There are occasions on which you profoundly regret the system of bookings for theatrical performances that prevails in our country; because what it means is that a great play like Muktidham, which we saw on Sunday at Prithvi, is not around for others to see after its four shows are over.
Abhishek Majumdar, the writer-director-actor who runs Bangalore’s Indian Ensemble, began research on Muktidham two years ago. The questions that drove him were, “What leads a society to turn against its systems of knowledge and celebrate the simplistic? And why and when did the right wing movement become anti-intellectual?”
There is no single point in any history that marks such a turn; but there are periods of time when political and cultural forces are so ranged against one another that the ensuing conflict not only radically alters contemporary society but casts its shadow over future centuries too. Looking for such a conflict in the long history of Hinduism and knowing that its roots lay in intellectual debates about the nature of the universe, the elements, man and god, Majumdar identified his turning point in the eighth century. The Pala kings of Bihar and Bengal, followers of Buddhism, were then growing in power. Sanatan Dharma, dominated by Brahmins, was under siege. The Kshatriyas who led the new religion and included in its fold castes that the older religion had treated as outcasts, were natural warriors. How were the Brahmins to fight and overcome them-- by arming themselves or by developing a political strategy?
Majumdar creates a dramatic situation out of this conflict by locating it in a fictional temple town called Birpur and selecting a day of great import in its life when multiple events are scheduled to take place. The sun will go into eclipse; Lord Rama will appear to the head of the mattha, Nath Nand, who is preparing to take samadhi and liberate him from life. Before that, a philosophical debate will be staged between the Nath’s two contesting disciples, Yuyutsu and Agnivesh to decide who his successor is to be. Meanwhile, a Buddhist sculptor who is working in a cave, has been cold-bloodedly incarcerated on Agnivesh’s orders, aided by the low-caste Ghasidas and a reluctant Yuyutsu. Agnivesh stands for taking arms against the Buddhists; Yuyutsu stands for strategy. The incarceration of the sculptor brings the mattha into direct conflict with the local Buddhist establishment.
Agnivesh is a Dom by birth, but Nath Nand, prompted by a dream, has raised him to Brahminhood. To add to this fraught situation, Agnivesh has been in a passionate relationship with the Acharya’s young wife Ahalya. Meanwhile, his student Srihari waits in the wings raring to lead his people to slaughter as soon as Agnivesh is made Acharya. His clarion call is, “Acharya Agnivesh is our inspiration, Manusmruti is our guide.” Out in the public space, three actors dressed as Hanuman, Sugreev and Angada, are stringing up ritualistic animal masks for the coming celebrations and debating the merits and demerits of the two battling religions.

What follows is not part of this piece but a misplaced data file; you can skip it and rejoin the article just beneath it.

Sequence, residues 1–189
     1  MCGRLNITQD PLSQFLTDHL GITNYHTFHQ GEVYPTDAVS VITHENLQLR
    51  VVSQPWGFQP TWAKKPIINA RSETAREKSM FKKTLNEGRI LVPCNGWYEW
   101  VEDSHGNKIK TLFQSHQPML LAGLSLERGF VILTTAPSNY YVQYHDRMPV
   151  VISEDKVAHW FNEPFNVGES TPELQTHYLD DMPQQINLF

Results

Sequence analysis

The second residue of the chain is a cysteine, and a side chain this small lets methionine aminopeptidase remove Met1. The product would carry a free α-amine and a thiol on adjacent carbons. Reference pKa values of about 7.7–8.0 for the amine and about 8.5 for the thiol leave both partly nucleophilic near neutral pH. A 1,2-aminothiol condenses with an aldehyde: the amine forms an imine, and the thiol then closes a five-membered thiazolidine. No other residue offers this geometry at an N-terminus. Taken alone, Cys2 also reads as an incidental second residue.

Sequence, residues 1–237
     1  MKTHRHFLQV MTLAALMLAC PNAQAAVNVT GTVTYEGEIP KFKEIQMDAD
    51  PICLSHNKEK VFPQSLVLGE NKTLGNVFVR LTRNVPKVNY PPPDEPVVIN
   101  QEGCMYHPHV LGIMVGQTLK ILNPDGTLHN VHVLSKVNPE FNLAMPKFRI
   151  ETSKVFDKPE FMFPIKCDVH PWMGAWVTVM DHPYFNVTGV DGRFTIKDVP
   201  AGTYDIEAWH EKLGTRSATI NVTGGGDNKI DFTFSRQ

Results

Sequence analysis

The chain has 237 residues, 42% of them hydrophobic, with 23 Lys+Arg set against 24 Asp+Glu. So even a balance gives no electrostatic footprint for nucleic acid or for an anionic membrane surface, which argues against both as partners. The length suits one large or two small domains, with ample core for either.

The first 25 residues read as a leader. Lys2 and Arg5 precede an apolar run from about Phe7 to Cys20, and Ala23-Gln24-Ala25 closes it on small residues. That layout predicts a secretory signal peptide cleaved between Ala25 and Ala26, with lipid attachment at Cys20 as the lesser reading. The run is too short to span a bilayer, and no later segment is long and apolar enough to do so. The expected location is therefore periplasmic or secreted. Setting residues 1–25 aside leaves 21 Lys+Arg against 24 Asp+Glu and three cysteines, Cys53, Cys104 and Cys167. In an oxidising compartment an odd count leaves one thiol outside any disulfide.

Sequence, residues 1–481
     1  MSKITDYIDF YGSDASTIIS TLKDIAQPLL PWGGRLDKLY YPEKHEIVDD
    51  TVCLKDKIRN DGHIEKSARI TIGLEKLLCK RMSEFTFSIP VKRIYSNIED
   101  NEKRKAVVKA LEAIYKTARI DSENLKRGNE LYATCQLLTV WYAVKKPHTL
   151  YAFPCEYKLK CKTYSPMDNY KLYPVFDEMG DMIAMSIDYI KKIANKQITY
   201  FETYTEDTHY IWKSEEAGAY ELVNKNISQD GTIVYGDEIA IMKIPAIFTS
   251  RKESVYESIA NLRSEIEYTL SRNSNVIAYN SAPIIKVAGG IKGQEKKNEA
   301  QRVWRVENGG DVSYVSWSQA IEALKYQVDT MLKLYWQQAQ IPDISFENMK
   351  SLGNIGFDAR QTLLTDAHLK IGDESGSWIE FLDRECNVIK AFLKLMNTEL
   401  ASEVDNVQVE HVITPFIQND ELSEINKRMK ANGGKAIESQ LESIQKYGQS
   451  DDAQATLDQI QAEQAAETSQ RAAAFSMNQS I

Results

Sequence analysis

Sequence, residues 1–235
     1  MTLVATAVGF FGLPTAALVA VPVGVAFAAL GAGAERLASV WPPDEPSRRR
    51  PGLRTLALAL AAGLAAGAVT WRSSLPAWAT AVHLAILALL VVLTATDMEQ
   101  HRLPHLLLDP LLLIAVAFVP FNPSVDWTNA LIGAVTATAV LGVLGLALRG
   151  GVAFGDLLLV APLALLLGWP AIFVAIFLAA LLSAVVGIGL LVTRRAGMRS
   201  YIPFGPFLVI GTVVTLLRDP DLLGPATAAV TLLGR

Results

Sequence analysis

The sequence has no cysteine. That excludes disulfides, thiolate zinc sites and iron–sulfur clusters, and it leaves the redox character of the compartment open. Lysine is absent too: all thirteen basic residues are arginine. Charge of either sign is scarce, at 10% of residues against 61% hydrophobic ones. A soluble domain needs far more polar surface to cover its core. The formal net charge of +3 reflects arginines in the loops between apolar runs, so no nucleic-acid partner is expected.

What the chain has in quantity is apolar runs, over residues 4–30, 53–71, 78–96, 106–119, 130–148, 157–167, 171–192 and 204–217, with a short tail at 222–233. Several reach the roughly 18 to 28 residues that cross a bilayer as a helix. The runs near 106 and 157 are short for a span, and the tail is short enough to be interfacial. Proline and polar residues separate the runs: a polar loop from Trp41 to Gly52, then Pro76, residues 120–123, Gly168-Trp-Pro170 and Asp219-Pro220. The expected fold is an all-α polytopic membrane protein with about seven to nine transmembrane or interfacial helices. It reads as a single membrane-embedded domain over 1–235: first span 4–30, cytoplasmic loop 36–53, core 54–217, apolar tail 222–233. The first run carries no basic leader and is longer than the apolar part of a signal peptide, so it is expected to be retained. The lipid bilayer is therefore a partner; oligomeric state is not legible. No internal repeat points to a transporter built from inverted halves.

Majumdar holds you captive with his muscular dialogue and quick-changing scenes aided by the actors who move props around as they come and go. The set design (Mohit Takalkar) is an evocative ovoid hollow and long suspended strips that could be stalactites or aerial roots. The lighting (Anmol Vellani) subtly nudges you to feel as you see. The performances are riveting. Shubhrajyoti Barat (Nath Nand) is a character of expressionistic power. Ipsita Chakraborty Singh (Ahalya) gives us a thinking, sensuous, passionate upholder of love. M. D. Pallavi (Bhikuni) with her arresting presence doesn’t require weapons to win an argument. The intensely contained Sandeep Shikhar (Agnivesh), the versatile Pratyush Singh and Kumud Mishra who double up as Yuyutsu-Hanuman and Sugreev-Guruma respectively, the quietly determined Ajeet Singh Palawat (Srihari), the frisky Irawati Karnik (Angad) and Ashwini Kumar Chakre (Ghasidas), slyly subversive in his obsequiousness, bring this expansive cross-section of stratified society to full and vivid life.
Muktidham doesn’t merely create an immediate impact with its sweep, stage-craft and performances. It leaves you in a quandary with its argument. You want to believe that religion occupies a space independent of politics. But Majumdar drives you to the conclusion that religion has been, is and will always be a political power game. If this is so, whose side do we take? Do we take sides at all or keep our distance and attempt merely to understand?
Muktidham is a play of classical stature, deserving of the standing ovation we gave it.
Published On : 08-02-2017